Wednesday, February 07, 2007



I was driving down the street the other day and the delightful Rachel Maddow was on the radio calling everyone's attention to some typical Bush Regime treachery. The newspapers had been blaring how Bush is raising the ceilings on what needy college students can get in terms of a Pell Grant. Sounds like good news, right? Consider the source. What has Bush ever done to help anyone needy, except needy millionaires trying to be billionaires? His plan is just more of the chicanery we've come to expect from this crew of thieves and robbers.

The Regime "responding to years of stagnant support for grants to lower-income college students with a major increase in Pell Grants, which go to the neediest students. Under the proposed budget, the maximum Pell Grant would jump from the current $4,050 to $4,600 in fiscal year 2008, climbing to $5,400 by 2012. The change follows criticism of the Republicans' decision to freeze Pell Grants for the past five years. Colleges and universities have long pushed for a boost in Pell Grants, but they are disappointed in the president's proposal. Educators note that, while the White House 2008 budget would raise Pell Grants, it would also eliminate $770 million for Federal Supplemental Educational Opportunity Grants, which serve a similar need. Critics also note that the increase in Pell Grants is not so dramatic, once you consider that the new Democratic leadership in Congress has already agreed to raise these grants to $4,300.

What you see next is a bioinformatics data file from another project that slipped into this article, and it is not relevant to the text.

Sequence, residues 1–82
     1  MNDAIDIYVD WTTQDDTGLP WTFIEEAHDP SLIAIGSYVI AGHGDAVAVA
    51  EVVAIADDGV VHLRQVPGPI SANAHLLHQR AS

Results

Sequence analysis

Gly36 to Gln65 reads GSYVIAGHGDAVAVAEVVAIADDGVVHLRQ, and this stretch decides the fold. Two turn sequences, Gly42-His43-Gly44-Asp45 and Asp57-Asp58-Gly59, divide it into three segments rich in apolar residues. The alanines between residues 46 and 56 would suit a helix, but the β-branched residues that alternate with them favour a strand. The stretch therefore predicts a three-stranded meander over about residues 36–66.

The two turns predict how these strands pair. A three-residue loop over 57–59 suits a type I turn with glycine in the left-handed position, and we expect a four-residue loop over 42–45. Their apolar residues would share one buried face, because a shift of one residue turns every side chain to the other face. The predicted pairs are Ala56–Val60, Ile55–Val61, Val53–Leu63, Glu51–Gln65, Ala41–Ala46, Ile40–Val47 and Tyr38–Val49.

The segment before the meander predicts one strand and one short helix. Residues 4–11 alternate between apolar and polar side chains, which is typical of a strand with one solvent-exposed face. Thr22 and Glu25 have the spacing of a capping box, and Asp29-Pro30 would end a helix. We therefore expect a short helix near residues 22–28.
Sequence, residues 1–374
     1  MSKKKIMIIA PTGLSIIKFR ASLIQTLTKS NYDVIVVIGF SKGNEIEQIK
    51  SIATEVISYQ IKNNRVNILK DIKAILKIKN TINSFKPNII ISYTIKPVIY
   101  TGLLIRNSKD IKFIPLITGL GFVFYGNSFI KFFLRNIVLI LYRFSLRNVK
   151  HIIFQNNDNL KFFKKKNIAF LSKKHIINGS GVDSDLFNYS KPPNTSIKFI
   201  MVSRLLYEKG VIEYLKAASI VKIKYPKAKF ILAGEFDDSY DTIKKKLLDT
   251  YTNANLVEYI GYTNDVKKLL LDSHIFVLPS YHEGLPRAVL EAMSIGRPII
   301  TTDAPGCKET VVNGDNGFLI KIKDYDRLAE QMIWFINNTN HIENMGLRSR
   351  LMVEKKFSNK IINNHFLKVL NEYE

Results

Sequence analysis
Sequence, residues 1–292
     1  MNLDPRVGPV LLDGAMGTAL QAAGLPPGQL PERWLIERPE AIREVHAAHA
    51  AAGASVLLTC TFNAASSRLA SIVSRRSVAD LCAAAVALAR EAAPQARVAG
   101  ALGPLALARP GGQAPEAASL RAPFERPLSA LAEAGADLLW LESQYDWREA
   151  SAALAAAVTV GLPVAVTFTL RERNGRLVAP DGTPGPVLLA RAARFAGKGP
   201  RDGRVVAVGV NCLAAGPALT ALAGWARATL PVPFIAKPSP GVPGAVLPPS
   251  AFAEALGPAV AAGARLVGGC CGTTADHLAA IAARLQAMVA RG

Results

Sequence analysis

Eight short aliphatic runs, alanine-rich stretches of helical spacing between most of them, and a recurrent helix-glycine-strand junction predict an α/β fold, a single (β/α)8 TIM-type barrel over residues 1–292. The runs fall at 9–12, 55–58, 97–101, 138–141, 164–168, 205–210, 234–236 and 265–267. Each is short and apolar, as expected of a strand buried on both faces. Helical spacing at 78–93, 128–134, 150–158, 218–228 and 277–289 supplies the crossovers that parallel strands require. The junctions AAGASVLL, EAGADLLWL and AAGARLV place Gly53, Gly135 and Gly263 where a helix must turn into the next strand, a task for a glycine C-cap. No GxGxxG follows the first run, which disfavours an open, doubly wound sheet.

Yes, it's a card trick. Bush's fake "increases," which followed last week's vote by the Congress to increase Pell Grants to $4,310 for 2007, will come at the cost of cuts to other financial aid programs. Bush makes it look like he's helping students with bigger Pell Grants while he guts the Supplemental Educational Opportunity Grant program (SEOG) and the Perkins Loan Fund. Hi proposed  "increases" come at a great cost to many low-income students (and to the lenders in the federal government's guaranteed-loan program whose stocks have tumbled dramatically in recent days, after years of nurturing by ex-Committee Chairman Buck McKeon driving Bush Regime higher ed policies). Now those companies, which fattened McKeon's and other Republicans' campaign coffers, will see their federal subsidies slashed dramatically by nearly $20 billion. Bush's budget proposal calls for the elimination of the $880-million Supplemental Educational Opportunity Grants which is helping over a million students this year with $4,000 awards.


At 8:16 AM, Anonymous Anonymous said...

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